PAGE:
SIU Department Name | Page Title

siu logo siupress logo

SIU logo


Main Content Area

A Shared History

A Shared History

Writing in the High School, College, and University, 1856-1886

Add to Cart

Amy J. Lueck


Paperback (Other formats: E-book)
272 pages, 6 x 9, 9 illustrations

Writing Research, Pedagogy, and Policy


Additional Materials

  • Table of Contents
  • News / Publicity

Table of Contents

Table of Contents



About the Book

In the nineteenth century, advanced educational opportunities were not clearly demarcated and defined. Author Amy J. Lueck demonstrates that public high schools, in addition to colleges and universities, were vital settings for advanced rhetoric and writing instruction. Lueck shows how the history of high schools in Louisville, Kentucky, connects with, contradicts, and complicates the accepted history of writing instruction and underscores the significance of high schools to rhetoric and composition history and the reform efforts in higher education today.
Lueck explores Civil War- and Reconstruction-era challenges to the University of Louisville and nearby local high schools, their curricular transformations, and their fate in regard to national education reform efforts. These institutions reflect many of the educational trends and developments of the day: college and university building, the emergence of English education as the dominant curriculum for higher learning, student-centered pedagogies and educational theories, the development and transformation of normal schools, the introduction of manual education and its mutation into vocational education, and the extension of advanced education to women, African American, and working-class students.
Lueck demonstrates a complex genealogy of interconnections among high schools, colleges, and universities that demands we rethink our categories and standards of assessment and our field’s history. A shift in our historical narrative would promote a move away from an emphasis on the preparation, transition, and movement of student writers from high school to college or university and instead allow a greater focus on the fostering of rich rhetorical practices and pedagogies at all educational levels. As the definition of college-level writing becomes increasingly contested once again, Lueck invites a reassessment of the discipline’s understanding of contemporary programs based in high schools like dual-credit and concurrent enrollment.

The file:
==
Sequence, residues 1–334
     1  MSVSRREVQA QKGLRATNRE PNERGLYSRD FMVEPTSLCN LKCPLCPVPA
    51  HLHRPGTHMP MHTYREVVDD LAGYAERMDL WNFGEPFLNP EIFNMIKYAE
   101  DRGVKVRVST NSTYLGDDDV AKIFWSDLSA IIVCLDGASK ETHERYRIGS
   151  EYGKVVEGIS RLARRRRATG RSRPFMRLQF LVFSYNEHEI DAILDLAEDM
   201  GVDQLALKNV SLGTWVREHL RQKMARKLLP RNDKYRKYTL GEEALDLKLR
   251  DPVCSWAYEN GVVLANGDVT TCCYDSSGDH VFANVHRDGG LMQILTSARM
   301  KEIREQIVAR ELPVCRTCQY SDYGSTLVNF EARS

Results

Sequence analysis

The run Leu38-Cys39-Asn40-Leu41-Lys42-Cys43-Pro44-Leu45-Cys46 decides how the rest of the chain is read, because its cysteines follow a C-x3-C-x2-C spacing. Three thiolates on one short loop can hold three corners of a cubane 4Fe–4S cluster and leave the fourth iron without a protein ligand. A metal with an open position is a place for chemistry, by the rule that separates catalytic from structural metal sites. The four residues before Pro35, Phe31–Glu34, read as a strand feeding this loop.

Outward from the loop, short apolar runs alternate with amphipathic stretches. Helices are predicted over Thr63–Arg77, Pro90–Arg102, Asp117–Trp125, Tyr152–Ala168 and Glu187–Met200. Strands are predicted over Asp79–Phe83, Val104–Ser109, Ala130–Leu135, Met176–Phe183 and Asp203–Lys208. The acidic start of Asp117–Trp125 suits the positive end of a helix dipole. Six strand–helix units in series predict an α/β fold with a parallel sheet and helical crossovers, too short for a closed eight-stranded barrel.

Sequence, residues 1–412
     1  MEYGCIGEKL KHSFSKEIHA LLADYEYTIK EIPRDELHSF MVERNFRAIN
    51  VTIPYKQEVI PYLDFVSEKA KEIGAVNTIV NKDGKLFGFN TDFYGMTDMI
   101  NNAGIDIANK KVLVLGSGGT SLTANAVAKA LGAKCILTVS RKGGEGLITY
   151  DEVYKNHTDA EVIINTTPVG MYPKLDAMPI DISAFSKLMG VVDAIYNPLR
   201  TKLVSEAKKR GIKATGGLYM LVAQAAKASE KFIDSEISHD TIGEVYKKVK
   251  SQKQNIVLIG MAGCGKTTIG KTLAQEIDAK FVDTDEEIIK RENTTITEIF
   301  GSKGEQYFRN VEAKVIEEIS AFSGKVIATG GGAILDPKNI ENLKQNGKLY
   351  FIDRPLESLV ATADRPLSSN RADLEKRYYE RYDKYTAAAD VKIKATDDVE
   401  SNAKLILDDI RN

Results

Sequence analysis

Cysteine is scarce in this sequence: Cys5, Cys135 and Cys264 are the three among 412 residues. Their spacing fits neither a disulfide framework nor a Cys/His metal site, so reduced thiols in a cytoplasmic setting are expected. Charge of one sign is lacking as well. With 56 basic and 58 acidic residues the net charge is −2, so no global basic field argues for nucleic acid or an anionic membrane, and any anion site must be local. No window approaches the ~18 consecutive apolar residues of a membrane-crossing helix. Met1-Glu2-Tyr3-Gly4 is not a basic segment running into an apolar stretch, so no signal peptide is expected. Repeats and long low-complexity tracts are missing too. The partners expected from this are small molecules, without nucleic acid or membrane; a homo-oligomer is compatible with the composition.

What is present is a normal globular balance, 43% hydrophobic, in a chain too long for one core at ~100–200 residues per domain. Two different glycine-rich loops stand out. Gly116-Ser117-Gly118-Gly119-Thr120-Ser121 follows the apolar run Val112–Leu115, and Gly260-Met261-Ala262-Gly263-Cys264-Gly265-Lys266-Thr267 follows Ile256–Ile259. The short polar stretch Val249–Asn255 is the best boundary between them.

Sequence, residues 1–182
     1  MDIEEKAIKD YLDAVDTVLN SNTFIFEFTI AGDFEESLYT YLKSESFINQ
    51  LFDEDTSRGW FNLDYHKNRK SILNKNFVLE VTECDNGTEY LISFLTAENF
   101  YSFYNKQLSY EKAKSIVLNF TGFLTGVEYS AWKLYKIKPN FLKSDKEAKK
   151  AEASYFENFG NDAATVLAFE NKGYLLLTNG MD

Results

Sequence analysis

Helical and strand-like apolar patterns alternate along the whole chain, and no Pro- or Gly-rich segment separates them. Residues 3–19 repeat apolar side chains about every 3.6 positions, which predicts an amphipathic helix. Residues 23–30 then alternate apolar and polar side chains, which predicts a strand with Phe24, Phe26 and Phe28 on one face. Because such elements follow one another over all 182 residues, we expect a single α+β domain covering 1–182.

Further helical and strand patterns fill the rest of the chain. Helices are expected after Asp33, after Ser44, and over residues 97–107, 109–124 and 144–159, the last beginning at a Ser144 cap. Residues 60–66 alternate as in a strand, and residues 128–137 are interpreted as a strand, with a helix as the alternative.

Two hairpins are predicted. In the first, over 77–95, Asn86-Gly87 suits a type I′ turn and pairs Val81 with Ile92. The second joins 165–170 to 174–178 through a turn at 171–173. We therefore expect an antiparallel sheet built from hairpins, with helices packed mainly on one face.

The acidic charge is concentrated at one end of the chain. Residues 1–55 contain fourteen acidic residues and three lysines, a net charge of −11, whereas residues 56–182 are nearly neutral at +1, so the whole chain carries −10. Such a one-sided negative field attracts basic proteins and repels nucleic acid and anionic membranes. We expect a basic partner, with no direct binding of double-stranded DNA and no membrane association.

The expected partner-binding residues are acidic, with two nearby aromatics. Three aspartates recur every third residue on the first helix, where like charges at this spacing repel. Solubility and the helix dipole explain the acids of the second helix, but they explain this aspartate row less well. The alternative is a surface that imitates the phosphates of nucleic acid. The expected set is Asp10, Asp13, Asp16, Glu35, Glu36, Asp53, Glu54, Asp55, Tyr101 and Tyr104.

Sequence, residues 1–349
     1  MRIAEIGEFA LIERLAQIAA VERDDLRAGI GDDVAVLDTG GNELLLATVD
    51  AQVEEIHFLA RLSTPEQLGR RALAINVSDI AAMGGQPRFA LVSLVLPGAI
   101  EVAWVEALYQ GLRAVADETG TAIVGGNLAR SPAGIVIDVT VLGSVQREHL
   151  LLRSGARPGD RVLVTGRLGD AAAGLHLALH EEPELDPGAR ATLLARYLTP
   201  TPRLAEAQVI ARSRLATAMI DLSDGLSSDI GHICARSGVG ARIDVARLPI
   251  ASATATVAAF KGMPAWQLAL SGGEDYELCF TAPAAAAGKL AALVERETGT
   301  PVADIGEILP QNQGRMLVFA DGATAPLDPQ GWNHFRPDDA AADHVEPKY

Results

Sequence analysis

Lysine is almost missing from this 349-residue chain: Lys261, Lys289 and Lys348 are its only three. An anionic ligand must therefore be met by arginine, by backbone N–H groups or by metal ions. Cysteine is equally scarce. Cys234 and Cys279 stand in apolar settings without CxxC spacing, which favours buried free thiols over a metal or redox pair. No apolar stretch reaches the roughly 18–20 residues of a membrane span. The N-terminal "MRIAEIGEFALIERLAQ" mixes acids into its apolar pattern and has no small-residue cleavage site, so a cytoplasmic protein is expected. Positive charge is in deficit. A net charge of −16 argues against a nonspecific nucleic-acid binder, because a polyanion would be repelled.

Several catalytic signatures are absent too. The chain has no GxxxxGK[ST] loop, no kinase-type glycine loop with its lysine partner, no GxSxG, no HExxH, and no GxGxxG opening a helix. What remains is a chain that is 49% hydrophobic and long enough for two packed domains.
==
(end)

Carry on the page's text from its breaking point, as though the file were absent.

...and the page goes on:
Amy J. Lueck is an assistant professor of English at Santa Clara University. Her work has been published in College English, Rhetoric Review, and Composition Studies.


A Shared History is a thoughtful and essential analysis of late nineteenth-century composition instruction told through the microhistories of three American high schools. Amy J. Lueck delivers compelling and original accounts of high school writing instruction in a work that challenges today’s scholars. Her research demonstrates how a new perspective on our shared history—one that accounts for diverse institutional sites of learning—can illuminate present-day conversations about dual-credit and concurrent enrollment programs.”—Lori Ostergaard, coeditor of In the Archives of Composition: Writing and Rhetoric in High Schools and Normal Schools 

“In this elegantly written and meticulously constructed study, Lueck provides historians and nonhistorians alike with a rich and engaging history that makes clear the importance of knowing our educational pasts in order to improve and make accessible all our educational futures.”—Kelly Ritter, author of Reframing the Subject: Postwar Instructional Film and Class-Conscious Literacies

“This in-depth archival study exhibits an approach to the history of the high school–college divide in composition studies that, given recent growth in dual enrollment programs and the concurrent (re)blurring of boundaries between high school and university education, should be of interest not only to historians of composition but also to writing instructors and writing program administrators.”—Wendy B. Sharer, author of Vote and Voice: Women's Organizations and Political Literacy, 1915–1930